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Learning Statics With Multimedia And Other Tools

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Conference

1998 Annual Conference

Location

Seattle, Washington

Publication Date

June 28, 1998

Start Date

June 28, 1998

End Date

July 1, 1998

ISSN

2153-5965

Page Count

12

Page Numbers

3.392.1 - 3.392.12

Permanent URL

https://peer.asee.org/7261

Download Count

47

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Paper Authors

author page

Siegfried M. Holzer

author page

Raul H. Andruet

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Abstract
NOTE: The first page of text has been automatically extracted and included below in lieu of an abstract

Session 1658

Learning Statics with Multimedia and Other Tools Siegfried M. Holzer and Raul H. Andruet Virginia Polytechnic Institute and State University Blacksburg, VA 24061 holzer@vt.edu

Although we started out to develop a multimedia program for statics, our learning environment has evolved to include physical models, interactive multimedia, traditional pencil-and-paper activities, and cooperative learning. Multimedia is just one of several tools to facilitate learning. Our objective is to create an effective learning environment that helps to "produce learning" (Barr and Tagg, 1995). In this paper we describe some elements of the learning environment and illustrate the use of multimedia learning models in the subject area of trusses.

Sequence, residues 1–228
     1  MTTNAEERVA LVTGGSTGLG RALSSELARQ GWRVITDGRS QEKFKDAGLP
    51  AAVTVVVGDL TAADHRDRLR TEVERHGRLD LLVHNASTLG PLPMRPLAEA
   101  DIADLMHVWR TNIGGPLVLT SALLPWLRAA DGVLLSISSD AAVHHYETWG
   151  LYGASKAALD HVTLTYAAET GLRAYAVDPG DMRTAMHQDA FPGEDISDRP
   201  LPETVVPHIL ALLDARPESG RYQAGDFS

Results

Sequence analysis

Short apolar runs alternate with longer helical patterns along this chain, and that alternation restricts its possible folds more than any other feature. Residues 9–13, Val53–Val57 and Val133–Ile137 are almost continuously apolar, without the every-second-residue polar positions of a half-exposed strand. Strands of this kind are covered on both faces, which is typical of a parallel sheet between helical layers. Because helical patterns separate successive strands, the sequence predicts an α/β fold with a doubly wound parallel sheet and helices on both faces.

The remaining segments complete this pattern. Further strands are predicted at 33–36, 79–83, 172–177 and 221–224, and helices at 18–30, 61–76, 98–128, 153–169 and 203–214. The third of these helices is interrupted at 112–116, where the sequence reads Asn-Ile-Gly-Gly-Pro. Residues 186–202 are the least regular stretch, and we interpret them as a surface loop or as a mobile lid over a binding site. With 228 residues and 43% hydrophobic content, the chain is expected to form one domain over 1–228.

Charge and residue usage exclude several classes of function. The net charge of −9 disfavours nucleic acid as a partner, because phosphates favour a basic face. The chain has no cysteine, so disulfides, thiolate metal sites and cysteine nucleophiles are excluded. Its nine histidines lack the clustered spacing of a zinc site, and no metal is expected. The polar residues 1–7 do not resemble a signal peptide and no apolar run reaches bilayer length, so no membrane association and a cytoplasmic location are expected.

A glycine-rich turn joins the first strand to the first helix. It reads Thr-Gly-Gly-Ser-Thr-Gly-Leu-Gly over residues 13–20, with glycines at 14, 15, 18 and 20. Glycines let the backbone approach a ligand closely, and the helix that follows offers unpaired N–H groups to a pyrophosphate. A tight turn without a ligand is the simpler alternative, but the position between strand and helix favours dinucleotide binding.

Learning Environment I see more clearly than before that the path to motivating students is the joy of creation, exploration, and discovery. I see also that these processes are social in nature and that shared experiences in class and through teamwork projects are vital. Shneiderman (1993) The principal elements of our learning environment are cooperative and experiential learning. Team work tends to provide students with a variety of benefits which include active involvement, enhanced performance, learning skills, interpersonal skills, and self-esteem, and it creates a learning community (Gardiner, 1996). Moreover, "Team learning is vital because teams, not individuals, are the fundamental learning unit in modern organizations" (Senge, 1990). Experiential learning has its roots in the works of Dewey, Lewin, and Piaget [Kolb, 1984]. It focuses on the central role that experience plays in the learning process, where "concepts are derived and continuously modified by experience. No two thoughts are ever the same, since experience always intervenes" (Kolb, 1984, p. 26). Kolb (1984, p. 21) defines experiential learning as "a holistic integrative perspective on learning that combines experience, perception, cognition, and behavior." This interconnectedness is central to holistic learning (Miller, 1993). Cooperative Learning. Cooperative learning is a structured learning strategy in which small groups of students work toward a common goal (Cooper, et al., 1994). Cooperative learning is an old concept [Ercolano, 1994]. Extensive research, initiated in the late 1800s, has demonstrated significant advantages of cooperative learning over competitive and individualistic learning in various learning characteristics; these include [Johnson et al., 1991]: high-level reasoning; generation of new ideas and solutions; motivation for learning; personal responsibility; and student retention. Cooperative learning provides structures [Kagan, 1990] to engage students in meaningful activities that can be shared with others [Papert and Harel, 1991]. Meaningful activities include authentic activities that represent future tasks and problems and are rich in learning resources

Holzer, S. M., & Andruet, R. H. (1998, June), Learning Statics With Multimedia And Other Tools Paper presented at 1998 Annual Conference, Seattle, Washington. https://peer.asee.org/7261

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